Call to Make Artificial Hearts in India

Published: 12th December 2014 06:02 AM  |   Last Updated: 12th December 2014 06:02 AM   |  A+A-

CHENNAI: An artificial heart pump that has a manufacturing address in Ayanambakkam, and not quite Arizona. Sounds strange, but imminently possible if surgeons and engineers who are forming the Indian Society of Artificial Thoracic Organs have their way.

“Even though we have brilliant engineers and clinicians, we are not making healthcare devices in India. It is high time we started. Perhaps within the next five years we will be able to come up with HVADs, LVADs and ECMO devices made in the country,” said Dr Suresh Rao K G, Chief of Cardiac Care at Fortis Malar Hospital.

The reason why many patients with end-stage heart disease do not make it isn’t the lack of technology or expertise to keep them going. It is just that it takes an arm and a leg (and a tiny fortune) to import and use the technology.

In a bid to bridge that gap and live up to Modi’s ‘Make in India’ mantra, heart surgeons from Fortis Malar Hospital and scientists from IIT Madras’ department of Engineering Design are pioneering a movement to foster indigenous research.

In a country like India where 2% of the population suffers from consistent cardiac trouble, these devices can really bridge economic barriers.

Most of these devices cost upward of `20 lakh and the entire bill can creep up to eight figures.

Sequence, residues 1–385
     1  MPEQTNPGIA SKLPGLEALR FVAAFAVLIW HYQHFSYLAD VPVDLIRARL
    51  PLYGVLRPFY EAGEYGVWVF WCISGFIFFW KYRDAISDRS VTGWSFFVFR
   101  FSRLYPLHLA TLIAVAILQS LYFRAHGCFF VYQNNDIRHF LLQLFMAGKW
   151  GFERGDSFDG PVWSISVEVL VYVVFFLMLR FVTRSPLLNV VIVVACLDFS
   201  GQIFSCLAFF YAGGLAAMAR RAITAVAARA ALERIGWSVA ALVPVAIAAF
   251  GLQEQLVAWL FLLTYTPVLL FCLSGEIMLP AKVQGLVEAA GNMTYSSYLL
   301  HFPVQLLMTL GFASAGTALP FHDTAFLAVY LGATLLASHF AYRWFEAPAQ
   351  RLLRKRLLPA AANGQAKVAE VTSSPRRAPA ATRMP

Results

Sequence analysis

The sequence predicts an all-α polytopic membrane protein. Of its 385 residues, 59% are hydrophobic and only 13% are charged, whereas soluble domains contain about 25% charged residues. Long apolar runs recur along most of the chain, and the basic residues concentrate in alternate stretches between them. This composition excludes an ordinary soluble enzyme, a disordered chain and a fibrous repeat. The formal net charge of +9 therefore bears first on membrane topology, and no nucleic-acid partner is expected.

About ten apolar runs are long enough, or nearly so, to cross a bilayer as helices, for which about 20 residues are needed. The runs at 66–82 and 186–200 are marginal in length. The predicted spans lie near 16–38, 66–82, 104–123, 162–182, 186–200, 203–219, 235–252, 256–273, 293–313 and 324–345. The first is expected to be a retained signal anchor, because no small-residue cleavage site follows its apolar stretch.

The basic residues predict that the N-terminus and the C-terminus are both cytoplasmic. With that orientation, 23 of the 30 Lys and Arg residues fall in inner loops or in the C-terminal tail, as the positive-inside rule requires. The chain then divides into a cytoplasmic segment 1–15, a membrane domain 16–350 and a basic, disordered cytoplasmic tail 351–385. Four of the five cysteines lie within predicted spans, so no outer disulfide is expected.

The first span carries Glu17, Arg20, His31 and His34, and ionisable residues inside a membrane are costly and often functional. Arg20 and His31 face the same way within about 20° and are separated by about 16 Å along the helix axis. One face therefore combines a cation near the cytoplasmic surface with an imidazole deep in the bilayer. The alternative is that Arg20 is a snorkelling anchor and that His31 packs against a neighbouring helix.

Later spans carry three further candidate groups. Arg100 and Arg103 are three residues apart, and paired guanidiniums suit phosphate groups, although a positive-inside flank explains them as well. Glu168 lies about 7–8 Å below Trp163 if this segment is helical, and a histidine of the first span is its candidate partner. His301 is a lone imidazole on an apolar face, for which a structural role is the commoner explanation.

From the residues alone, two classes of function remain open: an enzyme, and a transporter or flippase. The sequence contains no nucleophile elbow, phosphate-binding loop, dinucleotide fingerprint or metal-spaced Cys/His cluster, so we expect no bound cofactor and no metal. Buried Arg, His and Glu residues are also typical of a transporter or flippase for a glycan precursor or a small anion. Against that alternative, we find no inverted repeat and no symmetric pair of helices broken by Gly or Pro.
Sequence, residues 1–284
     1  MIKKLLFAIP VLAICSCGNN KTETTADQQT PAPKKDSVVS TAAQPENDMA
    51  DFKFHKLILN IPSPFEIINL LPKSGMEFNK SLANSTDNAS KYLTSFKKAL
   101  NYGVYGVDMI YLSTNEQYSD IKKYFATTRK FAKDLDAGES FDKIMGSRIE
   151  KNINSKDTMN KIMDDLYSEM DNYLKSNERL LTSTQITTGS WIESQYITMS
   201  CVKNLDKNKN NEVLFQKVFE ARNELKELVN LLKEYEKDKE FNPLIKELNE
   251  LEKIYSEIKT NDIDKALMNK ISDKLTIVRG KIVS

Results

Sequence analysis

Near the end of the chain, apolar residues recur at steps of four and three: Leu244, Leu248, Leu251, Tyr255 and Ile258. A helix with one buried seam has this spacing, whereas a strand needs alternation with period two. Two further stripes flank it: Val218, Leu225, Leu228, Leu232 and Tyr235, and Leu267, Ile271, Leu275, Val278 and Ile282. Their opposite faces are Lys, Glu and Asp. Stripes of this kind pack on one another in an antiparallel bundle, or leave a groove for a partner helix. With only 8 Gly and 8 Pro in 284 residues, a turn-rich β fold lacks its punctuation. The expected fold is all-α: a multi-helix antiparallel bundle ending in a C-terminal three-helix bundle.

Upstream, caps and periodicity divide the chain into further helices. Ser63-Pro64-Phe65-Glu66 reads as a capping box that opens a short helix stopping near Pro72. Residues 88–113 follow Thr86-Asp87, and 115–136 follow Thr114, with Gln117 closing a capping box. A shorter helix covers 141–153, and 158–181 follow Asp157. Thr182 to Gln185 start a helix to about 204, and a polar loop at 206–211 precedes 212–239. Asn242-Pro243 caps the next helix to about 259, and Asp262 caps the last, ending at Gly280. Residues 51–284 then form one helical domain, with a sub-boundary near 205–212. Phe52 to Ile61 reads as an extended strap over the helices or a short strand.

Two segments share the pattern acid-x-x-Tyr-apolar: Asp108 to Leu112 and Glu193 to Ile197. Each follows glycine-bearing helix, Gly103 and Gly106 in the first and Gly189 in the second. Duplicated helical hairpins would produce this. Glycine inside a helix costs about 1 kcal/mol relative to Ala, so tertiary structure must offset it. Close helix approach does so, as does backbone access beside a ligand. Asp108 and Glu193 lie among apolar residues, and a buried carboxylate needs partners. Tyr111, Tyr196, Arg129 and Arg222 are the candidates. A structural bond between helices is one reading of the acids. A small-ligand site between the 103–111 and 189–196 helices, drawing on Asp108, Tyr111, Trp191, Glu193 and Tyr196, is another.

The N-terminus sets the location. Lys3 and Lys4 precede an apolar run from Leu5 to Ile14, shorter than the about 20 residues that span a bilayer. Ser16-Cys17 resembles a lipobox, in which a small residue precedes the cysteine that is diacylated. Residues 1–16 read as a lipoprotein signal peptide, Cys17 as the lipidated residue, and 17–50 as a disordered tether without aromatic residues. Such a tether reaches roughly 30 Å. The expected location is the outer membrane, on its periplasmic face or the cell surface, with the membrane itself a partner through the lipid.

It all began with medical questions that Malar’s Director of Cardiac Sciences Dr K R Balakrishnan posed to IIT-Madras’ Professor R Krishna Kumar.

“There were a lot of medical issues that he faced that we have been trying to solve with bio-medical engineering and we felt that having a workshop to foster that thinking was important,” said Dr Krishna Kumar. He roped in bio-engineering experts from across the world and is bringing them to Chennai for a two-day workshop that begins on Friday.

“The basic problem is that universities are separate. What we need is an umbrella university where research can go on back and forth - where engineering colleges and medical colleges aren’t different, but have a chance for cross-pollination and research of that nature,” said Professor K R Rajagopal, a much-feted academic who teaches at Texas A&M University and is a specialist in the field.

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